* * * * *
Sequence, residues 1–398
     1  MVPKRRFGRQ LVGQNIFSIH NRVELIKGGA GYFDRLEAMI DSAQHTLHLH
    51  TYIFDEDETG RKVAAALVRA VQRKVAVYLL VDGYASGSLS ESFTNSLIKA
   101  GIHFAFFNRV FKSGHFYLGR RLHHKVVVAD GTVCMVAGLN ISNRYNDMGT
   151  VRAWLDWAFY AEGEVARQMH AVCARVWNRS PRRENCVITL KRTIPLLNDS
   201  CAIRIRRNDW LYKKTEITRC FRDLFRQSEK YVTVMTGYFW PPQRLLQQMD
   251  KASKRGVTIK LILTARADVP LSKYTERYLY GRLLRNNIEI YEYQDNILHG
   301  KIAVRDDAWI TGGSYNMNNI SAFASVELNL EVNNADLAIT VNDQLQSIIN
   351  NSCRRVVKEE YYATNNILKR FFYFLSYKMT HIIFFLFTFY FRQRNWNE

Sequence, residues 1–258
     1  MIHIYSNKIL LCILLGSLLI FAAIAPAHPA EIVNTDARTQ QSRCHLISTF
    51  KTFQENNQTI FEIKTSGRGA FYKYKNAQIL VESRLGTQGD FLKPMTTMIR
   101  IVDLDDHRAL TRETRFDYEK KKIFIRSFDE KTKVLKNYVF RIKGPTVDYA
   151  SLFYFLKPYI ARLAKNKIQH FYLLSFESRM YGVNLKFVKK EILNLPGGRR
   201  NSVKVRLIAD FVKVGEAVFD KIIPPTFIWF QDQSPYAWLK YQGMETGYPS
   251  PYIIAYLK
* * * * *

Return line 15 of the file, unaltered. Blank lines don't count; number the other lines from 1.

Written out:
   201  NSVKVRLIAD FVKVGEAVFD KIIPPTFIWF QDQSPYAWLK YQGMETGYPS